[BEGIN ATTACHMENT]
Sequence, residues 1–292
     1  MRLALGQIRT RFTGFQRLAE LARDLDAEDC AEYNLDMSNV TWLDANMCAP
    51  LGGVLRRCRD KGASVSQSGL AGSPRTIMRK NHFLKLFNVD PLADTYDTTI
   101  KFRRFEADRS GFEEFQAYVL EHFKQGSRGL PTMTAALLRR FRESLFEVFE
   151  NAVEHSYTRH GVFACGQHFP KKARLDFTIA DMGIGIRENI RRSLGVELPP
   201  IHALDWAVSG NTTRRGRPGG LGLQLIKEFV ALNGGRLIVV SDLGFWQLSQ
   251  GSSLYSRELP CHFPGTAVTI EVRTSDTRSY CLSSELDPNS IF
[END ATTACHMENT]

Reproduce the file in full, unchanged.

Sequence, residues 1–292
     1  MRLALGQIRT RFTGFQRLAE LARDLDAEDC AEYNLDMSNV TWLDANMCAP
    51  LGGVLRRCRD KGASVSQSGL AGSPRTIMRK NHFLKLFNVD PLADTYDTTI
   101  KFRRFEADRS GFEEFQAYVL EHFKQGSRGL PTMTAALLRR FRESLFEVFE
   151  NAVEHSYTRH GVFACGQHFP KKARLDFTIA DMGIGIRENI RRSLGVELPP
   201  IHALDWAVSG NTTRRGRPGG LGLQLIKEFV ALNGGRLIVV SDLGFWQLSQ
   251  GSSLYSRELP CHFPGTAVTI EVRTSDTRSY CLSSELDPNS IF